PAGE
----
I had a very pleasant dinner the other night with an old friend I went to school with, and whom I literally hadn’t seen for years. We didn’t have a falling off or anything like that. We just sort of — drifted. Life gets in the way. Children, family, work, and suddenly it’s ten years later and you’re wondering where all the freakin’ time went. She didn’t look much different, to me anyway. She was still married to the same guy and still had the cottage up in Haliburton where we once spent a summer weekend walking in the woods and minding the bears. Her kids were all grown up. She was, to my surprise, an ICU nurse. Surprised, because she was determined when we graduated to be the best med-surg nurse ever. But she’s a smart cookie, and predictably she wanted a challenge. She told me when she first started as a med-surg RN, she would avoid codes because “codes were only for critical care nurses.” Now, she jokes, she avoids codes because she’s old and seen it all. Let the young ‘uns do them. I agree, at least with the sentiment.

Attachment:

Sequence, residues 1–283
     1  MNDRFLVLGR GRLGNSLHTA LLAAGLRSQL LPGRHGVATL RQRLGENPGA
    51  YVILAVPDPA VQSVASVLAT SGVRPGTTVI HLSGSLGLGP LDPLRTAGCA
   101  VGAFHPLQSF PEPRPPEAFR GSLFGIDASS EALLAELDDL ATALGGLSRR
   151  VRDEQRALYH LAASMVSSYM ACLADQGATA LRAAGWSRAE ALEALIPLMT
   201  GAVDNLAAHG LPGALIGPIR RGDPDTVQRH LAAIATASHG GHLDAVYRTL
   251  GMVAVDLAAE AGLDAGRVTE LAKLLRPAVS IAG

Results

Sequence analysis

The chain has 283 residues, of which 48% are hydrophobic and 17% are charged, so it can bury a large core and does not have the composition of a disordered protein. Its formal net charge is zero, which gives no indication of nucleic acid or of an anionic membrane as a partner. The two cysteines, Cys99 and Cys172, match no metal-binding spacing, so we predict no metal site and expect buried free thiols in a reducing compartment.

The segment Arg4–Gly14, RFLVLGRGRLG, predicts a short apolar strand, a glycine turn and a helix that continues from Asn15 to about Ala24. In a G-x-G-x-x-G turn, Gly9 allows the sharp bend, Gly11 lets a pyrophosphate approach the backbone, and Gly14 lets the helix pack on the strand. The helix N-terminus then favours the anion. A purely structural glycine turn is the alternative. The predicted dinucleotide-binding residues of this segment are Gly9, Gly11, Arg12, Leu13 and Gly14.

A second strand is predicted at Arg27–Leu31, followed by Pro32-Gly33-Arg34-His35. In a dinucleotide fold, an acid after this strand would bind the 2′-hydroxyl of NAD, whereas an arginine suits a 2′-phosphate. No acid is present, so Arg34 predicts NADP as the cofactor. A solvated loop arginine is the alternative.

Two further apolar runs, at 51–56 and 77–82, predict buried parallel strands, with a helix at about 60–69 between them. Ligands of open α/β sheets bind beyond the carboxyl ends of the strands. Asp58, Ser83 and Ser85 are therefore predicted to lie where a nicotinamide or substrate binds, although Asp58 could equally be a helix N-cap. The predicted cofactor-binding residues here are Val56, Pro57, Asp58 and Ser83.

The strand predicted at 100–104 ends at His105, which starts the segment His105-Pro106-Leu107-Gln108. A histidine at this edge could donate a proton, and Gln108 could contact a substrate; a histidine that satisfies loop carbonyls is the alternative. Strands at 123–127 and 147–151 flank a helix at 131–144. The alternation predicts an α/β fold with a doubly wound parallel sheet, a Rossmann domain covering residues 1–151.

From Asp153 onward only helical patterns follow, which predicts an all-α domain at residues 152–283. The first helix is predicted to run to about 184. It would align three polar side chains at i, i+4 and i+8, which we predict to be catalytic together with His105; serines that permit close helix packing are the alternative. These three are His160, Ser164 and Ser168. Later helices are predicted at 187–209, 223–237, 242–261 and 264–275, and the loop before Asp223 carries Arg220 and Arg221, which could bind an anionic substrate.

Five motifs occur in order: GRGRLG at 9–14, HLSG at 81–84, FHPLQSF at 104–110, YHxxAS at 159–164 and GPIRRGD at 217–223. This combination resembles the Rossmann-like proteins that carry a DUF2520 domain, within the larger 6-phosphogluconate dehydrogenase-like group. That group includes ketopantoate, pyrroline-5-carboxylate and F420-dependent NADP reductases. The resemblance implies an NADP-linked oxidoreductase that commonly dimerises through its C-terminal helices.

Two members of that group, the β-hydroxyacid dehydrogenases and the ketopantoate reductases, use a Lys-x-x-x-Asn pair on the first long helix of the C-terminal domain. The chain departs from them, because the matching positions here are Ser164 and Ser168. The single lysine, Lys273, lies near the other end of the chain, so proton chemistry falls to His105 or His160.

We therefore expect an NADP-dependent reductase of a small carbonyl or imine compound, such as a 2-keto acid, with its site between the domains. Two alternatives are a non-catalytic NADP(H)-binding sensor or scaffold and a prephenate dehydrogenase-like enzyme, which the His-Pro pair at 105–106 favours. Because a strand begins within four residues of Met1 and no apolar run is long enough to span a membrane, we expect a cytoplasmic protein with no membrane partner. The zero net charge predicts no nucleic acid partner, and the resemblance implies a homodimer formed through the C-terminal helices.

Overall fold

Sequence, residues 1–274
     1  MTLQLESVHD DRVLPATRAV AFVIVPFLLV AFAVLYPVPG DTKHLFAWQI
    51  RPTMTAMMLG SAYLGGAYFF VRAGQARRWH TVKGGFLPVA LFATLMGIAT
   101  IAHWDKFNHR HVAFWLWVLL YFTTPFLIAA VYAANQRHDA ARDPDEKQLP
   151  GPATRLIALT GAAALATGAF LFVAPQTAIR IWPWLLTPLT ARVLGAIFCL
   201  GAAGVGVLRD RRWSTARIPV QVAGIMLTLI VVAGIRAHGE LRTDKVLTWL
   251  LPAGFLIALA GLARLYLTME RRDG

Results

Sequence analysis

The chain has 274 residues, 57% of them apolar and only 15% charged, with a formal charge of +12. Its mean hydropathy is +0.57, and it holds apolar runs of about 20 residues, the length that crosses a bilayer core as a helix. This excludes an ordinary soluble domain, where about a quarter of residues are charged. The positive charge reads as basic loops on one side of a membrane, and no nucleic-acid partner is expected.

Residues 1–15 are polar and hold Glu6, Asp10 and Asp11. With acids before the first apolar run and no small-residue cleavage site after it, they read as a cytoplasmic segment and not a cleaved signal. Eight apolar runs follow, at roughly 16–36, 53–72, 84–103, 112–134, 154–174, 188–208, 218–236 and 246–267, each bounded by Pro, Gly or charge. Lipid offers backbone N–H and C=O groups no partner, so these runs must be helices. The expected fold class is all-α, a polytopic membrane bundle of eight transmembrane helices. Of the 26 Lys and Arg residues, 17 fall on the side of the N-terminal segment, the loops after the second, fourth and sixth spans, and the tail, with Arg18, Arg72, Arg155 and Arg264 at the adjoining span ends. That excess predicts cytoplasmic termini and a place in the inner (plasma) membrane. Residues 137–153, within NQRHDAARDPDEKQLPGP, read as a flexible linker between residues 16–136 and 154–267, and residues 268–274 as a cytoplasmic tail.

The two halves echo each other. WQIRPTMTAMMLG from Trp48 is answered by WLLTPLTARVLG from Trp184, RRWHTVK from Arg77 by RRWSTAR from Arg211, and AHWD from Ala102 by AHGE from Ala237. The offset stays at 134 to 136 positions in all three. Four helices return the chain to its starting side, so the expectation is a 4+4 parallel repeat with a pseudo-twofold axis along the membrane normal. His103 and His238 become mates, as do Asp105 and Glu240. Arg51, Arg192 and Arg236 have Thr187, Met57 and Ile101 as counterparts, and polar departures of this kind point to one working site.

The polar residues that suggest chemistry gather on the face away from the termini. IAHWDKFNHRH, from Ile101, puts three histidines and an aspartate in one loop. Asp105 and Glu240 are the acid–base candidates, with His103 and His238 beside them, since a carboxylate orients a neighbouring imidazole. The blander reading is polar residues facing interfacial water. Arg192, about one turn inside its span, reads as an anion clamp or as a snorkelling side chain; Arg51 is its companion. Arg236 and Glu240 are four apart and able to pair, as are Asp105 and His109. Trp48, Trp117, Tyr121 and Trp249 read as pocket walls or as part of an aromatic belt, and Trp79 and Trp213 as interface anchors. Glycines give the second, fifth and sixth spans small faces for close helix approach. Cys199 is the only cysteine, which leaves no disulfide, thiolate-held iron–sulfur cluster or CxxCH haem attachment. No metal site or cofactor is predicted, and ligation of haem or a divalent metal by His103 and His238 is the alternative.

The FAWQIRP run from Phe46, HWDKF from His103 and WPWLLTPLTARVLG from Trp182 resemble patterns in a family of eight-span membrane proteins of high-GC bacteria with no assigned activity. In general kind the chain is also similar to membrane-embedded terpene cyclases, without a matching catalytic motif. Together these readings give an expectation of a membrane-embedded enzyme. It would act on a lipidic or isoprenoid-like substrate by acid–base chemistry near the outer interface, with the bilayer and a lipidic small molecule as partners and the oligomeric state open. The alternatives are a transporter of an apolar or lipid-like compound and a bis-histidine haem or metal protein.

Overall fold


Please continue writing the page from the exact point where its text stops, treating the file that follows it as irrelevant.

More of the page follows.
We compared notes. We kindly and gently mocked each other’s specialities. We traded war stories, told tales of egregious physician behaviour (a favourite nursing pastime), stories about ourselves, our patients, our profession, tragedy and comedy: the wealth of human experience we are privileged to share.
Another piece of wisdom: “Stupidity,” she says, “is what keeps us in business.”
My new motto.
My other new motto: look up an old friend once in a while.